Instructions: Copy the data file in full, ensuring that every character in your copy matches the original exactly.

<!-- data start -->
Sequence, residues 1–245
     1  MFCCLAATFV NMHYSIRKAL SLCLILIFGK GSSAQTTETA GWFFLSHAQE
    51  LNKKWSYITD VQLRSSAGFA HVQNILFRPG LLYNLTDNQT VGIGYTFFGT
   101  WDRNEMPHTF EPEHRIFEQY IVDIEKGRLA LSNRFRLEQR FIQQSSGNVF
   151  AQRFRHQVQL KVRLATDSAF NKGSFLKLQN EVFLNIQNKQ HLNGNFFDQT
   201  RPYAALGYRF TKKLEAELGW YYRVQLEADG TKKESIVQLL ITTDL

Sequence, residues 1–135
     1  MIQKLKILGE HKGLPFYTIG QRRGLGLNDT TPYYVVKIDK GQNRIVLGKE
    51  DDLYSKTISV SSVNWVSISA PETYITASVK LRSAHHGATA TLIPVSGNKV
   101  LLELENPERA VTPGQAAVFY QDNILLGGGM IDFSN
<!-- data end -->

Sequence, residues 1–245
     1  MFCCLAATFV NMHYSIRKAL SLCLILIFGK GSSAQTTETA GWFFLSHAQE
    51  LNKKWSYITD VQLRSSAGFA HVQNILFRPG LLYNLTDNQT VGIGYTFFGT
   101  WDRNEMPHTF EPEHRIFEQY IVDIEKGRLA LSNRFRLEQR FIQQSSGNVF
   151  AQRFRHQVQL KVRLATDSAF NKGSFLKLQN EVFLNIQNKQ HLNGNFFDQT
   201  RPYAALGYRF TKKLEAELGW YYRVQLEADG TKKESIVQLL ITTDL

Sequence, residues 1–135
     1  MIQKLKILGE HKGLPFYTIG QRRGLGLNDT TPYYVVKIDK GQNRIVLGKE
    51  DDLYSKTISV SSVNWVSISA PETYITASVK LRSAHHGATA TLIPVSGNKV
   101  LLELENPERA VTPGQAAVFY QDNILLGGGM IDFSN